On the plane, I read Eric by Terry Pratchett, and Assassin's Apprentice by Robin Hobb. Both were good reading, and I think I'll probably pick up the sequel to Hobb's book soon. For the moment, though, I think I've switched gears -- in reading if not in music -- and after I came home this evening I spent some time listening to the local jazz station and reading The Great Unraveling by Paul Krugman, a collection of editorial essays taken from Krugman's regular New York Times column.
In the preface, Krugman states his background clearly:
Why did I see what others failed to see? One reason is that as a trained economist I wasn't even for a minute tempted to fall into the he-said-she-said style of reporting, under which opposing claims by politicians are given equal credence regardless of the facts. I did my own arithmetic -- or, where necessary, fot hold of real economists who could educate me on the subject I wrote about -- and quickly realized that we were dealing with world-class mendacity, right here in the USA.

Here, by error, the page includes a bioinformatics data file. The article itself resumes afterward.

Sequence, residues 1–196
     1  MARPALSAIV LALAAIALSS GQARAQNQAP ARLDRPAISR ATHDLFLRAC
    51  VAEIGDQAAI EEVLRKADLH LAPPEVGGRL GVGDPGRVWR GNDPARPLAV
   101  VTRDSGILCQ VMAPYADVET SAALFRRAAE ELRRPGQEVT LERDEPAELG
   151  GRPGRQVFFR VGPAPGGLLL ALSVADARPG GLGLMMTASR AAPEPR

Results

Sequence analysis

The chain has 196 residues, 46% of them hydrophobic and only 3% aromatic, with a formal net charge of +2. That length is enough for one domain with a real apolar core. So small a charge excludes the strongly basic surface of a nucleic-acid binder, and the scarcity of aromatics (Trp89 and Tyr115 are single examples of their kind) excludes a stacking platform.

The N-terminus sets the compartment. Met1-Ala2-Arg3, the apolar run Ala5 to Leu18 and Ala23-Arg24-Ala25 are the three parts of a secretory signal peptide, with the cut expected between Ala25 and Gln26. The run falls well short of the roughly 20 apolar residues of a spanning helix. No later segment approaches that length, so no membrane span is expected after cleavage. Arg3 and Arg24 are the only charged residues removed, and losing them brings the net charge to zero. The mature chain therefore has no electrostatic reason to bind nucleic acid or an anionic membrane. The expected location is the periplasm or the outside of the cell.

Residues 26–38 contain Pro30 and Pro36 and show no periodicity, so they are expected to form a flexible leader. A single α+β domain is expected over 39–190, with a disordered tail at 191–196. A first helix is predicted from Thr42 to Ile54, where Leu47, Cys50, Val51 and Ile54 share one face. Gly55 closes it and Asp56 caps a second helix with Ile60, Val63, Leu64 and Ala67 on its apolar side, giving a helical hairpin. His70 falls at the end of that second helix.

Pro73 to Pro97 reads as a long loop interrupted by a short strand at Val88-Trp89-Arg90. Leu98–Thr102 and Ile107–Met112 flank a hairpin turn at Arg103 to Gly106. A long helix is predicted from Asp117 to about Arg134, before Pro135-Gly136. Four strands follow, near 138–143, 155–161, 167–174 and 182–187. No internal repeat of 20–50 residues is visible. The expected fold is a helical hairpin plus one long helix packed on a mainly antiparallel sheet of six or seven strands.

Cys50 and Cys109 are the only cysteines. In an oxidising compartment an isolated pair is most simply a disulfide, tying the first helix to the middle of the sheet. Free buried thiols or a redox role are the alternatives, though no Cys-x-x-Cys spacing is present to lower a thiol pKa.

Whether or not you agree with Krugman's conclusions -- I find his
arguments compeling -- I find this paragraph very interesting. The
first point he makes is that, in many areas, not all
perspectives are equally valid. Certainly neither science nor
mathematics are democratic endeavours. We don't legislate the value
of pi, and we usually accept that someone who has spent years
thinking about a technical topic might have some intuition that we
lack. But a scientist or mathematician is only credible insofar as
he can demonstrate his conclusions based on available data -- which
should, ideally, be something that a non-expert could follow (though
in some cases you might reasonably need to be a tenacious non-expert
with a long attention span, and by the end of your endeavour you
might no longer qualify as a non-expert). And this is the second
point: opposing claims that can be judged on a factual basis
should be judged on a factual basis. If
balanced coverage means that
I say pi is about 3.14 and you
say pi is about 2.86, so really we should weight both perspectives
equally to guess that pi is 3 -- well, I suppose that means that
life isn't fair by all lights. But then, who said it was?
As for the specific conclusions that Krugman draws -- well, I'll quote again:
But have I been right? Read the book and decide for yourself.
- Currently drinking: Black coffee